Exelon: An Income Play With Sturdy Legs
Douglas is a member of The Motley Fool Blog Network -- entries represent the personal opinion of the blogger and are not formally edited.
With U.S. Treasuries yielding less than 2%, investors have been hard pressed to find yield, often looking to high-dividend stocks. The obvious danger here is that one will focus on the dividend and miss the value-trap that the stock itself represents. One company with a strong dividend yield and a solid base for price appreciation is Exelon Corp. (NYSE: EXC).
While Exelon’s fundamental statistics are not perfect, they reveal a company with the tools to take the stock higher. Even were the stock to stagnate, with a dividend yield of 5.7% at current levels, the stock is attractive as a pure income play.
As of the company’s last earnings report, several key metrics were growing favorably. On a year-over-year basis, Exelon had revenue growth of 29.8% and growth in net operating cash flow of 42.2%, which rose to $1.74 billion. Industry averages for each of these metrics are 0.5% and 5.98%, respectively. Unfortunately, the above growth was not sufficient to allow the company to grow EPS. Furthermore, relative to its peers – discussed in more detail below – Exelon’s operating margin is only fair at 19%, although the reported industry average is 10%.
Looking at the stock’s price chart below, Exelon has traded in a very stable and predictable range for the past six months. While this is no guarantee of where the price will head in the future, it is some evidence that the price action is stable. This is further confirmed by the stock’s beta of 0.52. All other factors being equal, the fact that the stock is near the bottom of its near-term range is positive, if for no other reason than because it adds a small kicker to the dividend yield carried by the company.
Overall, utilities have been mixed over the past year, picking up somewhat in the last few months. On a relative valuation basis, Exelon’s P/E of 15.9 is solid, but not overly impressive relative to several of its peers. Ameren Corp. (NYSE: AEE) trades at a multiple of 68, PPL Corp. (NYSE: PPL) is trading at 10, Duke Energy Corp. (NYSE: DUK) trades at 58 and American Electric Power (NYSE: AEP) is at 10.4.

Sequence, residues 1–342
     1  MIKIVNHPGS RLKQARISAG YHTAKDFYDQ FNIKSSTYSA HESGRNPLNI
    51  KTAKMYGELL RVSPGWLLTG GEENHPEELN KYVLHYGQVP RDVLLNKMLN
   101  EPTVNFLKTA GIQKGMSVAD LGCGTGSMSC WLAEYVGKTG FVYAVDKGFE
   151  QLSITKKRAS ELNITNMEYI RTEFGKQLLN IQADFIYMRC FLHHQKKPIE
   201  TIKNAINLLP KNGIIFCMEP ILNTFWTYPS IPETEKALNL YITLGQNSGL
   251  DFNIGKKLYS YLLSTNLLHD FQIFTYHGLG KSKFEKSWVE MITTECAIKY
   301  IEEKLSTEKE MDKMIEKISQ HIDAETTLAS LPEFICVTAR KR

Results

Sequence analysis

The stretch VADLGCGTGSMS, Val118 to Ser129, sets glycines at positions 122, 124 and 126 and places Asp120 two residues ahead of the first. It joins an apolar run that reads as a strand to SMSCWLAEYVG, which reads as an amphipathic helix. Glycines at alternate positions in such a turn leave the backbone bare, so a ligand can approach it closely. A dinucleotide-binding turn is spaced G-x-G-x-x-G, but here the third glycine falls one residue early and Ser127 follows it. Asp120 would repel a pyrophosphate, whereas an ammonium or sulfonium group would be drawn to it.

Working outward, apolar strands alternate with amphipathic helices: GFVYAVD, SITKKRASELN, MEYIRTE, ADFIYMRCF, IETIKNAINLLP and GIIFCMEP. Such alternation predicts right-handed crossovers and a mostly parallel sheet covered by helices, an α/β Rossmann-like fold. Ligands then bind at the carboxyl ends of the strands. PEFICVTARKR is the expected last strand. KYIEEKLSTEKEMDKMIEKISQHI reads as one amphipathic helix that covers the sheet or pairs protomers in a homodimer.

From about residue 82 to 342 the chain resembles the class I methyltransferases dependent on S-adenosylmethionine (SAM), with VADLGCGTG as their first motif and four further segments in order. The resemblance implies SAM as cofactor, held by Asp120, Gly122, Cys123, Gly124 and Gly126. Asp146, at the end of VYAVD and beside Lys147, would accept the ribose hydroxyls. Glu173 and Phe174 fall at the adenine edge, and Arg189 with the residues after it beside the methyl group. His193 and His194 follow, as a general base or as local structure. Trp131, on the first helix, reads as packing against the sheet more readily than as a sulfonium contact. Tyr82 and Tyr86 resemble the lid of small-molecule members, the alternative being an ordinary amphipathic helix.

Each of these competitors have positive performance over the past six months (see chart) relative to Exelon, which is down about 5%. This divergence is one of the reasons that the yield offered by Exelon is higher, and why the company appears to be at a better entry point. At its current valuation, PPL looks attractive as well, but the company’s high level of debt and erratic earnings stream make it a second choice.
An additional concern for PPL is the institutional activity in the stock. Despite its attractive valuation, trading just a few percent below its 52-week high, profit taking has led to net institutional sales of nearly 30 million shares thus far this quarter; this is over 5% of the company’s shares outstanding.
American Electric Power, which also is attractive as a pure valuation play, is trading just below its 52-week high as well. Hedge funds and large institutional traders have rung up net sales of over 25 million shares this quarter; this, again, is over 5% of the company’s outstanding shares. It is difficult for a stock to perform without institutional support and begs the question as to where these investment dollars are flowing.
Given the combination of factors, Exelon offers investors a compelling income argument at current levels. The fundamental metrics of the stock look solid and while they do not indicate any serious mispricing, they support a stable outlook. If the company remains in its current range, the stock has reasonable upside potential and limited downside risk. While some of Exelon’s peers are interesting as well, most notably PPL, the combination of high valuations or heavy institutional selling eliminate them as top picks under current conditions. Anyone looking to add a solid income element to their core portfolio should be well served by considering Exelon.
Mr. Ehrman has no positions in the stocks mentioned above. The Motley Fool has no positions in the stocks mentioned above. Motley Fool newsletter services recommend Exelon. Try any of our Foolish newsletter services free for 30 days. We Fools may not all hold the same opinions, but we all believe that considering a diverse range of insights makes us better investors. The Motley Fool has a disclosure policy.If you have questions about this post or the Fool’s blog network, click here for information.